Tuesday, September 25, 2007

Doctor Who's on First?

I've always been fascinated with the idea of time travel. I've studied it somewhat, and I've written about it on several occasions.

One late night a few days ago, I was watching PBS and stumbled upon an episode of the long-running BBC series Doctor Who. Actually, it's the renewed series from 2005, with the ninth incarnation of the otherwise nameless Doctor. No, I am not an expert on Doctor Who; I am just regurgitating what the Wikipedia tells me.

Anyhow, I caught the last few minutes of one episode where the heroes fight a slug alien that was controlling a bastion of humanity living in a space station. (Say that three times fast.) For those few minutes I watched, it seemed to be an all right episode, but nothing prepared me for the next episode that PBS broadcast that night.

The next episode was entitled "Father's Day," which involved changing the past, the consequences of changing history, the shattering of idealized memories of the past, and a sacrifice to make things right again. It was smartly written and had the right amount of emotional acting. It currently ranks up there as one of my favorite stories involving time travel.

Check out the first six and a half minutes of the episode. If you want to watch the whole thing, either buy the season on DVD (series 1 of the rejuvenated Doctor Who franchise) or search Youtube (shh...I didn't just write that!):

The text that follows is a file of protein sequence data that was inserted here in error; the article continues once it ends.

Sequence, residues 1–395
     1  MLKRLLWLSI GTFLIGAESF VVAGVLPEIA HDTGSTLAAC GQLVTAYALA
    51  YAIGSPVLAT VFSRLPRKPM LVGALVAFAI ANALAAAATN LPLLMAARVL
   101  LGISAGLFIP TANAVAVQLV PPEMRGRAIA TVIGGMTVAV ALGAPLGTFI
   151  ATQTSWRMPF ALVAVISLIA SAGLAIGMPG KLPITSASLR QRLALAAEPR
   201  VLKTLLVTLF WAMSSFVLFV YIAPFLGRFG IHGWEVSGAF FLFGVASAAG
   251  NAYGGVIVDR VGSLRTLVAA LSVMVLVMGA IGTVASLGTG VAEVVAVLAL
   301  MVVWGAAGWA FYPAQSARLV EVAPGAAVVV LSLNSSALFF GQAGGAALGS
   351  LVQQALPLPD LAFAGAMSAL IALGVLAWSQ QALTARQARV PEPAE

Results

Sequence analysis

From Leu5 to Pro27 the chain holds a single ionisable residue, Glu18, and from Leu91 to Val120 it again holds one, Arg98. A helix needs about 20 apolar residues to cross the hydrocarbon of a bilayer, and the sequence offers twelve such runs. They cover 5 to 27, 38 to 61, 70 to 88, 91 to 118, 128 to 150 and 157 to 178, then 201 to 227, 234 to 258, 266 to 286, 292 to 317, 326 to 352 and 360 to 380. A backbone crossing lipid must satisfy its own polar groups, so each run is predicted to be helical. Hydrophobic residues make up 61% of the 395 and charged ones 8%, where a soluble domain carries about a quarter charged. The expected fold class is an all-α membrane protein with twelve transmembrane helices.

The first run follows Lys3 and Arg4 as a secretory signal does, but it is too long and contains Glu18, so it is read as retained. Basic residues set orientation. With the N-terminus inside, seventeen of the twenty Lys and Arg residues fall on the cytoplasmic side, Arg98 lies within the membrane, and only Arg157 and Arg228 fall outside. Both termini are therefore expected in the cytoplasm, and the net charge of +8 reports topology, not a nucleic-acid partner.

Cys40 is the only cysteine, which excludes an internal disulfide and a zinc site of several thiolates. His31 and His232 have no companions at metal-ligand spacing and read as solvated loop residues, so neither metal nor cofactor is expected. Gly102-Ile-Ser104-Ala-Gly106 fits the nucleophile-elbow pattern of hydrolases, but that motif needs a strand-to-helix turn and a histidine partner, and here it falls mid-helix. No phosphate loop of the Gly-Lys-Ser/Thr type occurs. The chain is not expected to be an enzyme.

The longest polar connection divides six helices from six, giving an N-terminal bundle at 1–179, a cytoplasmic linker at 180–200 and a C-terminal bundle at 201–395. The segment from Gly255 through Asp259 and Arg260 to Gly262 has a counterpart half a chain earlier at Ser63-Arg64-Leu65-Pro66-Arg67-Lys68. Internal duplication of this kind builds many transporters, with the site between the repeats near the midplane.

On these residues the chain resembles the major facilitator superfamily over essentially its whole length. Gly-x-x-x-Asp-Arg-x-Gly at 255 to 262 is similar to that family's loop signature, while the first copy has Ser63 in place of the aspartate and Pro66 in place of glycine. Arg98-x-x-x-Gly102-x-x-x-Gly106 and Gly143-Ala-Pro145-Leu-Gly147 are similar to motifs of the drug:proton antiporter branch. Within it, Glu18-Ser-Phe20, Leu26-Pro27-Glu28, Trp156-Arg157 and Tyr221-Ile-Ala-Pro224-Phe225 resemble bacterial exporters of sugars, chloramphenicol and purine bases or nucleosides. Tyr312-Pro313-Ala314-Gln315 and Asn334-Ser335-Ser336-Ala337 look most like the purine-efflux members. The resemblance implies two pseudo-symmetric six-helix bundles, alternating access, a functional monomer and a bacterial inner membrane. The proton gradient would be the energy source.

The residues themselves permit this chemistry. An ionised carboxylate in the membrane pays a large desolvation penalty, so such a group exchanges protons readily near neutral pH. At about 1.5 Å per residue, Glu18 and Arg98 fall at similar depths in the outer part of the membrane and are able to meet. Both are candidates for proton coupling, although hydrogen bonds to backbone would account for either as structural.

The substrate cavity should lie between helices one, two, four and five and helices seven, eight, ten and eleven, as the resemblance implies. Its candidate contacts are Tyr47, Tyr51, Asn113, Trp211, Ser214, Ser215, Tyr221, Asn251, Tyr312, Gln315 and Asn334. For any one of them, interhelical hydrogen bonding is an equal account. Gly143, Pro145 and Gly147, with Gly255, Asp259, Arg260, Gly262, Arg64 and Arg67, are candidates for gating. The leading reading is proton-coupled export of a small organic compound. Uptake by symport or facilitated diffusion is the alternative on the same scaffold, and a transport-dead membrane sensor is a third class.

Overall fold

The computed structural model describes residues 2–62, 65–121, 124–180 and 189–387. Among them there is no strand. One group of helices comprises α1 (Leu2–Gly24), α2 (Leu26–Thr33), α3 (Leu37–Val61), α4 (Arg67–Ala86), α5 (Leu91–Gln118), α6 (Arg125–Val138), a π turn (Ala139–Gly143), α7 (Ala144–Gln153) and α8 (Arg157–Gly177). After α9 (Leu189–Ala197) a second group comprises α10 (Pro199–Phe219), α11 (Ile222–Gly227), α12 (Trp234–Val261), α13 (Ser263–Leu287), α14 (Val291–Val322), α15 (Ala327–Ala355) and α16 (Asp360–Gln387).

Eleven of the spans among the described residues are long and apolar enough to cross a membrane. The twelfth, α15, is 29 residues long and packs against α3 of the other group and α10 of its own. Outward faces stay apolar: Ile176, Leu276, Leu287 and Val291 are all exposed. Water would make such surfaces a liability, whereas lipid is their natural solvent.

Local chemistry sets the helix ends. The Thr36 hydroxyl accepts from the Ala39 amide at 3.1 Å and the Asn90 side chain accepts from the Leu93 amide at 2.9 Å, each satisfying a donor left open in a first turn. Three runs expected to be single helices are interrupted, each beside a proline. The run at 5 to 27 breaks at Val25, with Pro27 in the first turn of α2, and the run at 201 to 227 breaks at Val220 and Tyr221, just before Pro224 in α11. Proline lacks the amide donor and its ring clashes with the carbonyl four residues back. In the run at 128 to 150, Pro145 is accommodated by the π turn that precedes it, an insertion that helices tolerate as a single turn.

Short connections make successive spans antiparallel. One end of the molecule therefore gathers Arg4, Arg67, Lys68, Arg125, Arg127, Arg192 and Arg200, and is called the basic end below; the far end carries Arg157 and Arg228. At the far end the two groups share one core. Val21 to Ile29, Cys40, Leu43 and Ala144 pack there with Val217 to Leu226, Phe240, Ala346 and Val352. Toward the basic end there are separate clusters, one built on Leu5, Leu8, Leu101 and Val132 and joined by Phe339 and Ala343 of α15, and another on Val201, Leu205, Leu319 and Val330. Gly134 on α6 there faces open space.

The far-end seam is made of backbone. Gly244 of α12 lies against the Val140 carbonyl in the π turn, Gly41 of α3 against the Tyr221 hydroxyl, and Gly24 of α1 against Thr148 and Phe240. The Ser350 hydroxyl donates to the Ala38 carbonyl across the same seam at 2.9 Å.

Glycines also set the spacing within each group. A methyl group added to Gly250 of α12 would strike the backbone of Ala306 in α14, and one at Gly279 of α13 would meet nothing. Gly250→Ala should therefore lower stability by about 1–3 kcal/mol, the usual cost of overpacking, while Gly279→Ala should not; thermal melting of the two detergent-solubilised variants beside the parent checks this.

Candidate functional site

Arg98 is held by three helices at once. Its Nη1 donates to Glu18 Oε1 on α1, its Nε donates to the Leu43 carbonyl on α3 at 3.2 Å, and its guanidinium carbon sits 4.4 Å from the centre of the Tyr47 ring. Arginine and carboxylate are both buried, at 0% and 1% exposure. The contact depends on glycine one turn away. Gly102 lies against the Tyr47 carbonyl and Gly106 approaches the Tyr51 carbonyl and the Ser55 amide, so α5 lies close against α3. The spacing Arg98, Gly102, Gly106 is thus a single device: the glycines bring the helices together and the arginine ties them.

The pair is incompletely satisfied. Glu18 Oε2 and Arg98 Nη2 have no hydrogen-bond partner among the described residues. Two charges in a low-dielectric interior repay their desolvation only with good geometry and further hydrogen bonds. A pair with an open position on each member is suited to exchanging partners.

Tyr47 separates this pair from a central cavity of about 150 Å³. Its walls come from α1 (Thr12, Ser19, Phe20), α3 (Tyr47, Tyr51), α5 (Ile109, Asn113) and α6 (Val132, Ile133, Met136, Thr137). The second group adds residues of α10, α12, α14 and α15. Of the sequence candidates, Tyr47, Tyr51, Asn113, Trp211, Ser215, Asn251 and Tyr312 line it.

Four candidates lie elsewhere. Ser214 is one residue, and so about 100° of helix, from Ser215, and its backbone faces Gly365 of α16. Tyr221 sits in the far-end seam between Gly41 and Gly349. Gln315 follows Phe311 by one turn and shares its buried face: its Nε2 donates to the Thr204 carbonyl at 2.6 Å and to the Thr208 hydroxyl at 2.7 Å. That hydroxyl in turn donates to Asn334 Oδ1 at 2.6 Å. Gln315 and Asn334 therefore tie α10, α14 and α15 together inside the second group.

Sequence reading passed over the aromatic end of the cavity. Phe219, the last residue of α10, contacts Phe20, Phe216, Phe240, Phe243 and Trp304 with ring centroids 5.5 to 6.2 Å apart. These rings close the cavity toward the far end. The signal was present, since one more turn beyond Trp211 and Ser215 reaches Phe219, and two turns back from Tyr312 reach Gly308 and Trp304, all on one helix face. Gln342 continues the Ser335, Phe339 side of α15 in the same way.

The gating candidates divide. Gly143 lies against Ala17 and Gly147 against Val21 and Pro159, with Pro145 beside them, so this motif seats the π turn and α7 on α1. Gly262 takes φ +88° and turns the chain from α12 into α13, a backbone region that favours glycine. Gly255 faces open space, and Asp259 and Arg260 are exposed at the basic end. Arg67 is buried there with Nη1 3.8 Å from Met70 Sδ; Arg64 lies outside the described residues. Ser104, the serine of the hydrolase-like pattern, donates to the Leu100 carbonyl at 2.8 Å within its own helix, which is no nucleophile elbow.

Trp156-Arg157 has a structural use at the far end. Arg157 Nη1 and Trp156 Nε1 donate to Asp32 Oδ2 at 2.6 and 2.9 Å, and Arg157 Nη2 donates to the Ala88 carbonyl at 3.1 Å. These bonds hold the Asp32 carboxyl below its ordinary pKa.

(You can always use the menu function on the above Youtube widget to see if the other six parts are available for viewing.)

I do have one complaint for this episode, and it doesn't involve the different eye color of adult Rose (the Doctor's companion/student) and baby Rose from 1987. It does, however, involve the paradox that the Doctor asserted, that adult Rose shouldn't hold baby Rose since they are the same person. I understand that Time Travel X and Time Traveler X from five minutes before shouldn't touch each other because they are mostly the same matter. However, Time Traveler X and baby Time Traveler X from 20 years before have different skin cells, and therefore if the two were to touch, matter wouldn't touch the same matter. And thus, Rose holding baby Rose (having different skin cells) wouldn't constitute a time travel paradox for that reason alone.

Am I right?

Wormhole credit: User:Benji64.

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